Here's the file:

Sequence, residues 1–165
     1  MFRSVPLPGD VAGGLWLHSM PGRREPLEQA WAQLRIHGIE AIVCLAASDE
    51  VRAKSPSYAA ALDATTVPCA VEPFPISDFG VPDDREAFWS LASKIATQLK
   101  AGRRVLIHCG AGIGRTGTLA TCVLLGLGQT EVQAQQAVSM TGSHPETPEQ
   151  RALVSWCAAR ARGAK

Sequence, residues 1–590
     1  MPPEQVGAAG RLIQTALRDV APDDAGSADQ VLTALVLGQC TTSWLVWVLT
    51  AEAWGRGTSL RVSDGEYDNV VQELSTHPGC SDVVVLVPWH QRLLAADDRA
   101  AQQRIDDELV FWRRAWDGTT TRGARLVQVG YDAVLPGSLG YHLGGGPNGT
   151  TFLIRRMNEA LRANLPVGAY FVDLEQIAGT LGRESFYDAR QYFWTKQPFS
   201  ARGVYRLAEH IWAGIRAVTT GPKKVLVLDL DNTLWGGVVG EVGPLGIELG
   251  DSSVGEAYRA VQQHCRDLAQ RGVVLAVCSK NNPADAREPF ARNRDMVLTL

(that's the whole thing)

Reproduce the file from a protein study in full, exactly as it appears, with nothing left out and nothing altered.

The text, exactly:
Sequence, residues 1–165
     1  MFRSVPLPGD VAGGLWLHSM PGRREPLEQA WAQLRIHGIE AIVCLAASDE
    51  VRAKSPSYAA ALDATTVPCA VEPFPISDFG VPDDREAFWS LASKIATQLK
   101  AGRRVLIHCG AGIGRTGTLA TCVLLGLGQT EVQAQQAVSM TGSHPETPEQ
   151  RALVSWCAAR ARGAK

Sequence, residues 1–590
     1  MPPEQVGAAG RLIQTALRDV APDDAGSADQ VLTALVLGQC TTSWLVWVLT
    51  AEAWGRGTSL RVSDGEYDNV VQELSTHPGC SDVVVLVPWH QRLLAADDRA
   101  AQQRIDDELV FWRRAWDGTT TRGARLVQVG YDAVLPGSLG YHLGGGPNGT
   151  TFLIRRMNEA LRANLPVGAY FVDLEQIAGT LGRESFYDAR QYFWTKQPFS
   201  ARGVYRLAEH IWAGIRAVTT GPKKVLVLDL DNTLWGGVVG EVGPLGIELG
   251  DSSVGEAYRA VQQHCRDLAQ RGVVLAVCSK NNPADAREPF ARNRDMVLTL